Suppliers and Supply Chains

September 17, 2020 EcoVadis ‏‏‎


Most construction companies have multiple suppliers for equipment, material, and consumables both on the job and in the office. The supply chains that feed material to those suppliers are usually not thought of by the consumer. If the supplier has what you need, you don’t particularly care where it came from or how it got there. But the COVID-19 pandemic has laid bare the fragile nature of many supply chains and what can happen to them in the future.

According to EcoVadis, a provider of business sustainability ratings, 80% of suppliers lack supply chain due diligence measures, 57% aren’t monitoring working conditions, and 44% lack health and safety preparedness. The report includes insights from global supply chain ratings with analysis on the sustainability scores of more than 40,000 companies assessed from 2015 through 2019.


About the Author

EcoVadis ‏‏‎

EcoVadis is the world’s most trusted provider of business sustainability ratings, intelligence and collaborative performance improvement tools for global supply chains. Backed by a powerful technology platform and a global team of domain experts, EcoVadis’ easy-to-use and actionable sustainability scorecards provide detailed insight into environmental, social and ethical risks across 200+ purchasing categories and 160+ countries.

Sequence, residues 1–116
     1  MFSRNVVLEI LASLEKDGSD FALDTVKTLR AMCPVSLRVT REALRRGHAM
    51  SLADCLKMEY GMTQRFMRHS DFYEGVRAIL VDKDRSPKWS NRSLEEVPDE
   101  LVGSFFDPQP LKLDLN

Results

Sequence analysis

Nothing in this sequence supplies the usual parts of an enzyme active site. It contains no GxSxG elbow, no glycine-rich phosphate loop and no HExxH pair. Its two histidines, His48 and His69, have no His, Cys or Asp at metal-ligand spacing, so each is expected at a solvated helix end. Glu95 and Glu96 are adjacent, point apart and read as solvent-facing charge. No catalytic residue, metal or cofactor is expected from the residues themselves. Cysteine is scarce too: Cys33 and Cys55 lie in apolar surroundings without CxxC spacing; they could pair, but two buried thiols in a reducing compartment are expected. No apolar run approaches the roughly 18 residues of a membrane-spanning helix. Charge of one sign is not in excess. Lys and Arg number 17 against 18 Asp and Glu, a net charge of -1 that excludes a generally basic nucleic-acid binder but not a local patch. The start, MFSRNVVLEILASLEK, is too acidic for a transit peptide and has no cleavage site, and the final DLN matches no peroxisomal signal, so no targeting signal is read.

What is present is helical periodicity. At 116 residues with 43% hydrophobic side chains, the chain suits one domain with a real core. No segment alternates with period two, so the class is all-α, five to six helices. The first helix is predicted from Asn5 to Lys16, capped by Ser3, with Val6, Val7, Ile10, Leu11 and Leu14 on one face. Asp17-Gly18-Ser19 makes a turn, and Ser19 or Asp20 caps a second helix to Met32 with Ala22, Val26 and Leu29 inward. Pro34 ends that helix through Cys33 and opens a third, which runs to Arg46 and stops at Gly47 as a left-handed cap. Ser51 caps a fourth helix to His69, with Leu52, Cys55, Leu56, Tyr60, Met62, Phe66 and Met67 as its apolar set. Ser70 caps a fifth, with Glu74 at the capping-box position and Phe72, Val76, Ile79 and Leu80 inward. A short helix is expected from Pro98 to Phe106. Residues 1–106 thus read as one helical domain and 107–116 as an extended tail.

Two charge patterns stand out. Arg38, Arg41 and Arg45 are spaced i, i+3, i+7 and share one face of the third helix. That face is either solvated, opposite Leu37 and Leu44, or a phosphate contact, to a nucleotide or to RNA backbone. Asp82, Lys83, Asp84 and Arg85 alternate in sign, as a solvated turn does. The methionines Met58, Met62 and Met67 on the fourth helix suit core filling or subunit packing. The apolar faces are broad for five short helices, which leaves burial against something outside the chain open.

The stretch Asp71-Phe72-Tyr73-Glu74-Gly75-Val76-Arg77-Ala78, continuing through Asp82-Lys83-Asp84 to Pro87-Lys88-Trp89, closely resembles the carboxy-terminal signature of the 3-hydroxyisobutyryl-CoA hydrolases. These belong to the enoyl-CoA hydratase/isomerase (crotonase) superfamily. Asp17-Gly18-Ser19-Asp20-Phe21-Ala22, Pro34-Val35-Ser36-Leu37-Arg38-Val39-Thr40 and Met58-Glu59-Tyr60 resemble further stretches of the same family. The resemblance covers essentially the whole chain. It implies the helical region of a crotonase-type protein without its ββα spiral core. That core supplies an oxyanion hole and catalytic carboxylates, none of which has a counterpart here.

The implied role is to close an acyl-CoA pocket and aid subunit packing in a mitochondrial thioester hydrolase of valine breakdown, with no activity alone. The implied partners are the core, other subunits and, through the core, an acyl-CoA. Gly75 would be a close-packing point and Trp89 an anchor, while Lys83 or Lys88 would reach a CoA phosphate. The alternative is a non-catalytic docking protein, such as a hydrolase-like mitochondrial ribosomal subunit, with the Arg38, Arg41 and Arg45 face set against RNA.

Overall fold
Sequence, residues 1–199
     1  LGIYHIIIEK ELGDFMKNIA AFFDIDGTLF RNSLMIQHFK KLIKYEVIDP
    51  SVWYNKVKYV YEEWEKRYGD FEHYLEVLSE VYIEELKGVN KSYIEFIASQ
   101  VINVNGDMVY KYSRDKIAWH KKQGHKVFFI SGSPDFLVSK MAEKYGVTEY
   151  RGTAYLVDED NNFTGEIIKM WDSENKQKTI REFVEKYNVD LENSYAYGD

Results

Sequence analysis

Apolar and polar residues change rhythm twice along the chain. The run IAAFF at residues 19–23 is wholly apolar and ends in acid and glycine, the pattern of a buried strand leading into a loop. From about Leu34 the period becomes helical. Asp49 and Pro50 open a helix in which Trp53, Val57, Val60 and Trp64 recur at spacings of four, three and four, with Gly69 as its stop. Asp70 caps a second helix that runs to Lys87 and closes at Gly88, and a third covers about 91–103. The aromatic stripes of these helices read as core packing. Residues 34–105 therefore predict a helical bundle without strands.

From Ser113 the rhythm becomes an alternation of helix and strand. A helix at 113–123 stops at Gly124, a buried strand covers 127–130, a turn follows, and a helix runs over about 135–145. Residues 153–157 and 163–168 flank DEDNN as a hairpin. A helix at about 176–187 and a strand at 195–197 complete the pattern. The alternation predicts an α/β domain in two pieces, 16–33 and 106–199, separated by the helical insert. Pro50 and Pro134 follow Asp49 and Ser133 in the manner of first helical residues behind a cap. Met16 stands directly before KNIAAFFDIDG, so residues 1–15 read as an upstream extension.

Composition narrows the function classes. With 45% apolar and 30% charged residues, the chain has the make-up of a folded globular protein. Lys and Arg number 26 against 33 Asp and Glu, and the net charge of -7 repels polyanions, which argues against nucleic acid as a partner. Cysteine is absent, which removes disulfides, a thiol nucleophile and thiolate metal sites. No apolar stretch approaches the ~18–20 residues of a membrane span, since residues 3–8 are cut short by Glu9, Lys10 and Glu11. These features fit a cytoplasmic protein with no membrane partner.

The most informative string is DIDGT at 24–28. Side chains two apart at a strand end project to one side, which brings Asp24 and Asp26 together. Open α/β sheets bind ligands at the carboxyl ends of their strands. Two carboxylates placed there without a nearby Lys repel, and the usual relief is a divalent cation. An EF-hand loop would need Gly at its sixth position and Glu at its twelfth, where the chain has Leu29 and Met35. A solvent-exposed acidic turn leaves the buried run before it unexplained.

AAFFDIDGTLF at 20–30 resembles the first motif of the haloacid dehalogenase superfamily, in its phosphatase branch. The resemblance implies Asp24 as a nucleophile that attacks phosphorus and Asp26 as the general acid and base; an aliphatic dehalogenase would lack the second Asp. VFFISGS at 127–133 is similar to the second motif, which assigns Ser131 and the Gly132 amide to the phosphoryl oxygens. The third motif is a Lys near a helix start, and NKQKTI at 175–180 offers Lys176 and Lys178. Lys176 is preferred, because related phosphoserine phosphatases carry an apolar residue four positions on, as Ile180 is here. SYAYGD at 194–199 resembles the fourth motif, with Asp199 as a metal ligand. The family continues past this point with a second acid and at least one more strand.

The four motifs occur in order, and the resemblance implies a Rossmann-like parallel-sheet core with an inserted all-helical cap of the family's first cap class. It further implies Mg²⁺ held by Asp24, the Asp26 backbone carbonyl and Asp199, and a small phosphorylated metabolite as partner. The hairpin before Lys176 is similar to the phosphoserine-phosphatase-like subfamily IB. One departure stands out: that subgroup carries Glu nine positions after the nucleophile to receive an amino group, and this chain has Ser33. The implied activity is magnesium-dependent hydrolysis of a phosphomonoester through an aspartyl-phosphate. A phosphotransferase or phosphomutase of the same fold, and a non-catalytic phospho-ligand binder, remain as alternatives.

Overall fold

Follow on Twitter Follow on Linkedin Visit Website More Content by EcoVadis ‏‏‎
Previous Article
EcoVadis' New Carbon Action Module Will Tackle Climate Change and Drive Significant, Long-term Emissions Reductions
EcoVadis' New Carbon Action Module Will Tackle Climate Change and Drive Significant, Long-term Emissions Reductions

 EcoVadis, the world's most trusted provider of business sustainability ratings, is launching a first-of-it...

Next Article
Supply chain sustainability sparks resilience, recovery and growth
Supply chain sustainability sparks resilience, recovery and growth

The criticality of business sustainability has never been more pressing. Momentum for the “purpose economy”...